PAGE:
It’s Not Just What You Present, But How You Present It

Designers, how you show your clients/bosses a concept has just as much impact over sign off as the concept itself. I am sure that we have all been guilty of saving a PSD to a JPG and e-mailing it off for review… Or maybe you were coming up with a price and the quote was simple enough where you just typed it up in an e-mail and sent away. After all, is it really worth putting it into a branded PDF? Or maybe you came up with some logo concepts and you decided to send them off on a one page PDF for review…

It may seem honest and innocent enough but that really is just shooting yourself in the foot. As designers we should know better. Come on, aren’t we the ones always talking about how design can influence and change perceptions? Well guess what, e-mailing JPG concepts gives the perception that there wasn’t much time and thought put into it.

Consider it like this… You are going to buy some new designer clothes for a large pitch. A friend recommends a local designer who supposedly does amazing work. You decide to check out her work as it sounds like a great place to get a new outfit or two. When you arrive to her store you are surprised to find all of the clothes sitting in piles on the floor.

Now at this point regardless of how well they were designed you would probably be significantly less likely to trust the detail and care put into the clothes. Additionally you would probably expect to pay less as a result. After all you went in expecting to see “high quality and custom” and were presented with something that felt more like “second hand store.”

How is this the Same?

Sending off concepts with out taking the time to DESIGN and PLAN the presentation is more or less like throwing designer clothes on the floor. You don’t care how people see them, they can pick them up off the floor and choose to look at them however they like. High end clothing stores put a lot of care and attention into how items are organized, the lighting, how they are hung, the window displays, the type and placement of mirrors, the type of hangers, etc… How you see, experience and encounter the product is extremely important. Why should this be any different for graphic or web designers?

Actually, it is Worse

As designers we face even larger challenges than most clothing retailers (even designer ones). Since we are doing complete custom work, an ineffective presentation can lead to unnecessary and ineffective revisions. If the presentation doesn’t convey that you have carefully thought about, evaluated and tried many different options and scenarios before arriving at what you feel is the best solution to the design problem, why would the client assume that is the case?

If you are not a designer and you are presented a visual with out being educated into the design process and there is nothing that is communicating such why would you think any different? This can easily lead to design requests. With out the experience and knowledge of a graphic designer it is easy to make assumptions and suggestions with out understanding the consequences. Experienced designers will agree that every single element on the page somehow effects everything else, as a result even minor changes can have significant impact on the overall design.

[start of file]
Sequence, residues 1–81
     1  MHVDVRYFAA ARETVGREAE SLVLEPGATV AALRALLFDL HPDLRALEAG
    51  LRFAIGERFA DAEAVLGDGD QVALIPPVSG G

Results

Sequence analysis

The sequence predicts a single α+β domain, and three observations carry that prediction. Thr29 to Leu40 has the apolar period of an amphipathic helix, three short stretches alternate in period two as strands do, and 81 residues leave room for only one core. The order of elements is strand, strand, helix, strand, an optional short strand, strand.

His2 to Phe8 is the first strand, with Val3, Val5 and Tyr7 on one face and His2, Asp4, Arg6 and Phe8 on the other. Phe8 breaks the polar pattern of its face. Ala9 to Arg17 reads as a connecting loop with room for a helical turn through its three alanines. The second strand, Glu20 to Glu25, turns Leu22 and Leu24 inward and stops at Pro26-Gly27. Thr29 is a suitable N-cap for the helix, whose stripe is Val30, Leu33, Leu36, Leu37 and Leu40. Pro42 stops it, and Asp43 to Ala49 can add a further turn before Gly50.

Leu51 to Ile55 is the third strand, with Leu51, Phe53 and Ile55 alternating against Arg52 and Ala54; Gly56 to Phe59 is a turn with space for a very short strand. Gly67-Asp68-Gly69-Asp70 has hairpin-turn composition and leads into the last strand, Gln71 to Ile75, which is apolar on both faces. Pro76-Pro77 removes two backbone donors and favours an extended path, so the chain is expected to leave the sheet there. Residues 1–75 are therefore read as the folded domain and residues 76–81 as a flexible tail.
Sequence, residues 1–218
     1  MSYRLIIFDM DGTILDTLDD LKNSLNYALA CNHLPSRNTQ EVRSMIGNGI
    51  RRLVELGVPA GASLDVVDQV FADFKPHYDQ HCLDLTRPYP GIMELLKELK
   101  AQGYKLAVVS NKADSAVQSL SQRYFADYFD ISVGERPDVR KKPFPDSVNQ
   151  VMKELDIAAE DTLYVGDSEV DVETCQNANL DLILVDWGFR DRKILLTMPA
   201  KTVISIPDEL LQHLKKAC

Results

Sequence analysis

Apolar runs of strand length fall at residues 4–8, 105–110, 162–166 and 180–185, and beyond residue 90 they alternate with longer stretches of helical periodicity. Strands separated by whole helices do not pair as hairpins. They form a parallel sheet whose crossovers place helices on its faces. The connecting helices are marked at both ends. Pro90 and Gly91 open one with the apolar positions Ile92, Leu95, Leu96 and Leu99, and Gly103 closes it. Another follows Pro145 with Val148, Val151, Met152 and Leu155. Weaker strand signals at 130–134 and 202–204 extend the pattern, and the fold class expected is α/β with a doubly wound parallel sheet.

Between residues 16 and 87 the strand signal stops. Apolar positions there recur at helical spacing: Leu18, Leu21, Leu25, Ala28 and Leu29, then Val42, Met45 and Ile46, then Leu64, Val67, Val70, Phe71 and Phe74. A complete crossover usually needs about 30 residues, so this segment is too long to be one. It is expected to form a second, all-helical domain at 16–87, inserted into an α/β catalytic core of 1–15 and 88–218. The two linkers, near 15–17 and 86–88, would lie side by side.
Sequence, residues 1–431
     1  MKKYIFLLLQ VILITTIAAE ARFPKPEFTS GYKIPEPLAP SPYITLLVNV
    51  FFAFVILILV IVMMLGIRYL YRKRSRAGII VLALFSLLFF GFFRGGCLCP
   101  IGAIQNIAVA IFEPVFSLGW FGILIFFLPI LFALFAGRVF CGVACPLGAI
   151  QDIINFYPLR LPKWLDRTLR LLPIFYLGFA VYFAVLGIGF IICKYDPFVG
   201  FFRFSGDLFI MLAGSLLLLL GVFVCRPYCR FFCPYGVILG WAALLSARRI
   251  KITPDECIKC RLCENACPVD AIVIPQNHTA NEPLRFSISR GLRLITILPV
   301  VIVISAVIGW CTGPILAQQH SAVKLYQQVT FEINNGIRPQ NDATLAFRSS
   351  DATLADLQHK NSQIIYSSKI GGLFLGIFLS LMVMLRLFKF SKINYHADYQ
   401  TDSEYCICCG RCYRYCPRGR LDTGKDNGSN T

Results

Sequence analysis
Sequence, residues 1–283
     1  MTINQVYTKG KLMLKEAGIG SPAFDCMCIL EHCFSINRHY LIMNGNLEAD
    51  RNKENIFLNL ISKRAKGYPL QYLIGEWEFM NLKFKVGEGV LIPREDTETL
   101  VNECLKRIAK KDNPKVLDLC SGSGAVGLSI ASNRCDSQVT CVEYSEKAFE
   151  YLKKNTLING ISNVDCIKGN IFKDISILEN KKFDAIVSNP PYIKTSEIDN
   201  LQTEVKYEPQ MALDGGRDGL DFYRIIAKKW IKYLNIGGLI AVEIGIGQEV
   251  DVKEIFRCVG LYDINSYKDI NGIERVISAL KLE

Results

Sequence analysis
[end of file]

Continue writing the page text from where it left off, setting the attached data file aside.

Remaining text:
How to Present Effectively

Ultimately you need to design the presentation experience. When the client looks over your work they should have a clear idea and impression of how much work and thought went into arriving at that situation. Additionally it should be clear that your design isn’t a starting point, rather what you are recommending as the best solution to their problem. Now that isn’t to say that you shouldn’t be open to feedback nor that I expect design to be a “one pass process.” I am saying that it should be concrete that everything was done for a reason.

Present in a Contextually Relevant Way

For this reason I always recommend the design is presented in the most relevant way possible. Logos should be printed and matted and shown in several real world situations such as on a letterhead, business card and envelope. I use a specific template that is carefully designed to present all concepts in a way that conveys detail, intent and care.

WebWeb designs should be presented in a browser so that the client can see how it fits with different resolutions, relative sizes and where the fold is (for better or worse). Looking for an easy way to do this, check out the Mock Up Present tool we created. Cameron Moll does an excellent job of this with his mock-ups.

Provide Explanation

Many designers will send over a concept as if everything speaks for itself. However the client can read your mind and doesn’t know that you made the call to action button an odd color because it will draw more attention and convert better. Yes it is a lot of work to type out your entire thought process and not everyone can afford to have an in person meeting for design presentation but it is so critically important.

This also establishes yourself as an expert as you are able to articulate your design decisions, which goes a long way to convey that nothing was done with out reason.

Give it a Try

Next time you have a large project that you need sign off for, try putting these techniques in place. I assure you there will be a noticeable difference compared to your typical process. I have seen design approves go flawlessly that I expected to be a disaster as the concept presented suffered for countless design issues.

Do you have any methods or techniques for improving your design presentation? I would love to hear them.